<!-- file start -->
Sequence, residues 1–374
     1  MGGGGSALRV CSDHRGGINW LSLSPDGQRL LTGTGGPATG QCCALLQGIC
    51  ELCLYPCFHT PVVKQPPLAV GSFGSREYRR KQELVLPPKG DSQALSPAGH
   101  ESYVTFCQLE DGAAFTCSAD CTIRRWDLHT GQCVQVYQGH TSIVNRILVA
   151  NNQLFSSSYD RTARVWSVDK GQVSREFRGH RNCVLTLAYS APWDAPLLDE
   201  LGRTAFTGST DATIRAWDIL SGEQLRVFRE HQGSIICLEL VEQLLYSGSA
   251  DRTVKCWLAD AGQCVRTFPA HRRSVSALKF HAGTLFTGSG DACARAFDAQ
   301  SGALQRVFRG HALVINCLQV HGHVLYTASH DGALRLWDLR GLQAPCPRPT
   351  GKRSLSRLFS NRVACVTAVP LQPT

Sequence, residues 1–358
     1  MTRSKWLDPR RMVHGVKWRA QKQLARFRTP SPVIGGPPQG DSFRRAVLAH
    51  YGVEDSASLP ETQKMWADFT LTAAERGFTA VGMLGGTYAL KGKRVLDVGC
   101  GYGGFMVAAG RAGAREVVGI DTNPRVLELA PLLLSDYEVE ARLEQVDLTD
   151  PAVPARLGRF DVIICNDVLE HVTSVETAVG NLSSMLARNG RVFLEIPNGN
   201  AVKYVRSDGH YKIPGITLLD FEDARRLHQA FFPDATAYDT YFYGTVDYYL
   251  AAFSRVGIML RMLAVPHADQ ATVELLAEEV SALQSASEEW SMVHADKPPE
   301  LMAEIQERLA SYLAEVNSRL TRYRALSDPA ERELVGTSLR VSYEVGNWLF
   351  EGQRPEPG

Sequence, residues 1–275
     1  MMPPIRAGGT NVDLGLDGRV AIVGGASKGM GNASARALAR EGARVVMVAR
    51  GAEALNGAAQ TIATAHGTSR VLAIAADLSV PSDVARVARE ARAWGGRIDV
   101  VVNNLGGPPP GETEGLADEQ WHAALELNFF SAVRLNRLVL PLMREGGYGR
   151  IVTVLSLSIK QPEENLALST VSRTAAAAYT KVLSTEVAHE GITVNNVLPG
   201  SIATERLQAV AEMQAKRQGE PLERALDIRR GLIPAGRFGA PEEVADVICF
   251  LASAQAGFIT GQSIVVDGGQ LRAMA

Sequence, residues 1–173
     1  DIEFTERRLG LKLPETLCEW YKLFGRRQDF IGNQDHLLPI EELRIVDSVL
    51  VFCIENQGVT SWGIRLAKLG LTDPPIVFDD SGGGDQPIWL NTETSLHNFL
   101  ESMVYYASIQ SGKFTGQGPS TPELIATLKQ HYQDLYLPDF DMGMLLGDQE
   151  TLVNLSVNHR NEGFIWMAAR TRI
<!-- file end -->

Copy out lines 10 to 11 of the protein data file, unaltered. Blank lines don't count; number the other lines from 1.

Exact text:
Sequence, residues 1–358
     1  MTRSKWLDPR RMVHGVKWRA QKQLARFRTP SPVIGGPPQG DSFRRAVLAH